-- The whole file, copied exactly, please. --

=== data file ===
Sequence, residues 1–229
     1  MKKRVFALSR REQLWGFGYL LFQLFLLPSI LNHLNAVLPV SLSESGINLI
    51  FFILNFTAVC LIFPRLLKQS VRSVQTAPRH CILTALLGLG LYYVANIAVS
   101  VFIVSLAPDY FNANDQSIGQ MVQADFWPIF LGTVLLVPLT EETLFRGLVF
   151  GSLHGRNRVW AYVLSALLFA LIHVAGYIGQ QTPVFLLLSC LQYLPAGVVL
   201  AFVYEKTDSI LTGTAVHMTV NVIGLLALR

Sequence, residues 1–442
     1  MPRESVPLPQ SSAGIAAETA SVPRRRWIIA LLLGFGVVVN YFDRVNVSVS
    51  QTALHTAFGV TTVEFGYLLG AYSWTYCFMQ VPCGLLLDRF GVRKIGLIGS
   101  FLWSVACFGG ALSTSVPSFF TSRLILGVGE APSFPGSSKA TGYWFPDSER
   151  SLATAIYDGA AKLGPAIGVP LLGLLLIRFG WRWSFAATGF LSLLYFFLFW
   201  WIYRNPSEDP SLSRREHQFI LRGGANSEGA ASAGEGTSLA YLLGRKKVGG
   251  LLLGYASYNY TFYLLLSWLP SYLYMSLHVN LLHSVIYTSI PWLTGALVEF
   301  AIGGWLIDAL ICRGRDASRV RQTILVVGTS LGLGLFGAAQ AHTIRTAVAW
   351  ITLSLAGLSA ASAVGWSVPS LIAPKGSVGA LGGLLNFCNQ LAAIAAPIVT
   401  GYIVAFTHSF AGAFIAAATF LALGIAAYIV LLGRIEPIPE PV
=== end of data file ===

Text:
Sequence, residues 1–229
     1  MKKRVFALSR REQLWGFGYL LFQLFLLPSI LNHLNAVLPV SLSESGINLI
    51  FFILNFTAVC LIFPRLLKQS VRSVQTAPRH CILTALLGLG LYYVANIAVS
   101  VFIVSLAPDY FNANDQSIGQ MVQADFWPIF LGTVLLVPLT EETLFRGLVF
   151  GSLHGRNRVW AYVLSALLFA LIHVAGYIGQ QTPVFLLLSC LQYLPAGVVL
   201  AFVYEKTDSI LTGTAVHMTV NVIGLLALR

Sequence, residues 1–442
     1  MPRESVPLPQ SSAGIAAETA SVPRRRWIIA LLLGFGVVVN YFDRVNVSVS
    51  QTALHTAFGV TTVEFGYLLG AYSWTYCFMQ VPCGLLLDRF GVRKIGLIGS
   101  FLWSVACFGG ALSTSVPSFF TSRLILGVGE APSFPGSSKA TGYWFPDSER
   151  SLATAIYDGA AKLGPAIGVP LLGLLLIRFG WRWSFAATGF LSLLYFFLFW
   201  WIYRNPSEDP SLSRREHQFI LRGGANSEGA ASAGEGTSLA YLLGRKKVGG
   251  LLLGYASYNY TFYLLLSWLP SYLYMSLHVN LLHSVIYTSI PWLTGALVEF
   301  AIGGWLIDAL ICRGRDASRV RQTILVVGTS LGLGLFGAAQ AHTIRTAVAW
   351  ITLSLAGLSA ASAVGWSVPS LIAPKGSVGA LGGLLNFCNQ LAAIAAPIVT
   401  GYIVAFTHSF AGAFIAAATF LALGIAAYIV LLGRIEPIPE PV